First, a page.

Posts

Malnutrition in VenezuelaA meager 3% of Venezuelan families are considered food secure in a country where more than 96% of people live in poverty. Child malnutrition in Venezuela rose to 26% from December 2019 to March 2020. Maduro’s government, a hotbed of mismanagement, corruption and cronyism, has done little to help the poverty and malnutrition in Venezuela. Hyperinflation continues to suppress economic activity, and U.S. sanctions imposed to pressure Maduro into reform or exit, have limited Venezuela’s access to imported food, medicine and other basic goods. On April 19, 2021, the World Food Programme announced that it would be implementing a program to address food insecurity and malnutrition in Venezuela.

Child Malnutrition in Venezuela

A 2021 policy brief by medical researchers called Venezuela’s public health system “practically non-existent.” Especially with U.S. sanctions, many healthcare facilities are unable to obtain the medicine or medical equipment needed to properly function. The impact of the COVID-19 pandemic puts further strain on already limited health resources. As of April 2021, the Venezuelan Government has vaccinated less than 1% of the Venezuelan population.

According to a UNICEF report, 13% of children in Venezuela suffered from malnutrition between 2013 and 2018. Without access to sufficient calories, protein or generally diverse foods, many of these children will be held back developmentally, far beyond their childhood years. Venezuelan nutritionist, Raquel Mendoza, tells Thompson Reuters that “A population suffering from malnutrition implies we are going to have adults with less physical and intellectual potential.” Mendoza states further that “We’re going to see a regression in the development of the country because human resources are diminished.” These words express the urgency and importance of speedily addressing malnutrition in the country.

Before 2009, Venezuela’s infant mortality rate was steadily declining. In the first decade of the Chavez presidency, which began in 1999, infant mortality dropped by half. However, under Venezuela’s ongoing economic and sociopolitical crisis, the infant mortality rate has regressed to where it was in the 1990s. Even though many cases go unreported, statistics show that child mortality increased by 30% in 2016.

The World Food Programme Alleviates Malnutrition

Starting in July 2021, the World Food Programme (WFP) will provide school lunches for children between 1 and 6 years of age. The WFP’s goal is to reach 185,000 students by the end of 2021 and 1.5 million by the end of 2023. These meals will mainly go to preschool and special education schools, but public and private schools will receive aid too.

Despite the pressing need for foreign aid, the Maduro government has historically rebuffed aid attempts by international organizations and governments. According to the Washington Post, Maduro blocked almost $60 million worth of U.S. aid in 2019 and insisted that Venezuela was not a country of beggars.

The agreement reached between Maduro and the WFP Executive Director David Beasley on April 19, 2020, came after months of resistance by the government. The program’s operations will remain independent of the political turmoil and uncertainty of Maduro’s rule.

The Road Ahead

Although the aid cannot catapult Venezuela out of its current crisis, the WFP program will improve the lives of many families who do not know how or when they will eat next. Although rarely dissolving geopolitical tensions or toppling an unjust regime, humanitarian aid organizations can and do protect those who suffer from the impacts of corruption, mismanagement and conflicts of others.

Alexander Vanezis
Photo: Wikimedia Commons

World Food Programme Solutions for 2021
A United Nations General Assembly meeting took place on December 4, 2020. Its primary focus concerned the trajectory of the COVID-19 pandemic as precautionary measures continued and vaccines emerged. With 2020 nearly over, the resounding political, social and economic effects of the pandemic began to materialize. But all did not disappear despite the grim outlook. A handful of humanitarian organizations are busy strategizing solutions for 2021.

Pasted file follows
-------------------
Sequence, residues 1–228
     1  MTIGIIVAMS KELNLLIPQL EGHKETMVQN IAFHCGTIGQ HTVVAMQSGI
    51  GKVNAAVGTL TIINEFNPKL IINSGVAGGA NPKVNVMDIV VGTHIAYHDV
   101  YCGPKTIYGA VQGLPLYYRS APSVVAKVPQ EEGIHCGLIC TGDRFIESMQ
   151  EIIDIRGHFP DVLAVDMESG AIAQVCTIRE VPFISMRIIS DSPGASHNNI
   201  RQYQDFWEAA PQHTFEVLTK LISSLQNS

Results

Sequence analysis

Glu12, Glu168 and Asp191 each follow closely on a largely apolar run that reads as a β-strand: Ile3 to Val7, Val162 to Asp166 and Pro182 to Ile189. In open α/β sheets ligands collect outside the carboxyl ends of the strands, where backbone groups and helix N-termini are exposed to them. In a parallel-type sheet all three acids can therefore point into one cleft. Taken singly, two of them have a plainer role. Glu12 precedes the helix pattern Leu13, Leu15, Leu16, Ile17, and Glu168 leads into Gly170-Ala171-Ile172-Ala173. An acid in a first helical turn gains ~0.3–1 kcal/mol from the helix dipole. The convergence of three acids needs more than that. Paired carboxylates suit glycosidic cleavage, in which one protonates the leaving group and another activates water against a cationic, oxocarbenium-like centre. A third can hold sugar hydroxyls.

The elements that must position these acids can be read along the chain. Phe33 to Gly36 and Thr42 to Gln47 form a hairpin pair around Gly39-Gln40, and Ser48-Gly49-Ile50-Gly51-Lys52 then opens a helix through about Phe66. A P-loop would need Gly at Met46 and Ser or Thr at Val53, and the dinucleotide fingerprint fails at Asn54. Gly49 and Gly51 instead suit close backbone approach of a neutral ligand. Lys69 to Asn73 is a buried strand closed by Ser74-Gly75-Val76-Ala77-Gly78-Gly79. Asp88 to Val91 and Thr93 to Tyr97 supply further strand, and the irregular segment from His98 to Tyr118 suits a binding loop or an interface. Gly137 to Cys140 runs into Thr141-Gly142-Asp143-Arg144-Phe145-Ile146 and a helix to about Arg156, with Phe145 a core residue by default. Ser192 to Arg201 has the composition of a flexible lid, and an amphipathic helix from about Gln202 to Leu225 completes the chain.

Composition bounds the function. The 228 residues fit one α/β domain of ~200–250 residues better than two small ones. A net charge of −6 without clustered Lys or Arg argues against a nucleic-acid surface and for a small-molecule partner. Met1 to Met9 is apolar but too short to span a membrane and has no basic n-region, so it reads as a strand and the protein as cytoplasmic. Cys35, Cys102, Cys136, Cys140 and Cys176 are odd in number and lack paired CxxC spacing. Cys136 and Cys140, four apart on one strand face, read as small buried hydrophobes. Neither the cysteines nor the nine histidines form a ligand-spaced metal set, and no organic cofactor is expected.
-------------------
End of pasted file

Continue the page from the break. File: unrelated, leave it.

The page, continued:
Closing 2020

The last few months of 2020 showed the world that the pandemic is just the beginning. The disease itself constitutes merely one of a myriad of societal problems that a pandemic can bring. COVID-19 has had an unpredictable ripple effect. PPE loans in the United States, damaged food supply chains in Africa and the closings of borders all over the world demonstrate the pandemic’s extent.

Earlier in December 2020, before the General Assembly meeting, the UN estimated that the pandemic, the resulting economic impact and the concurrent precautionary and protective measures that governments were taking had already caused a 40% rise in the number of people in need of humanitarian assistance. What may be the most evident incoming challenge is global famine. David Beasley, chief of the World Food Programme (WFP), warned that famines “of biblical proportions” are imminent for dozens of countries.

2021 Predictions

David Beasley spoke at length at the General Assembly meeting. His prediction for a catastrophe in 2021 made headlines and effectively set the tone for the entirety of the 193-nation conference. The upcoming COVID-19 vaccines constituted a positive note, though greater concerns regarding distribution overshadowed them. Speakers at the meeting warned against a stampede for vaccines that could result in wealthier countries crushing others in the race to eradicate COVID-19. While the pandemic is global, the UN fears that the fight against it may become individualistic and needlessly competitive.

The head of the World Health Organization (WHO), Tedros Adhanom Ghebreyesus, echoed fears of the COVID-19 vaccine competition. He called for $4.3 billion USD to go into a global vaccine-sharing program, saying “solutions must be shared equitably as global public goods.”

Solutions for 2021

Despite the dire circumstances, Beasley and his organization have the leverage to play a crucial role in manifesting solutions for 2021. The World Food Programme works as more than just an international food bank: it enjoys the global spotlight after winning the 2020 Nobel Peace Prize for “bettering conditions for peace in conflict-affected areas and for acting as a driving force to prevent the use of hunger as a weapon of war and conflict.”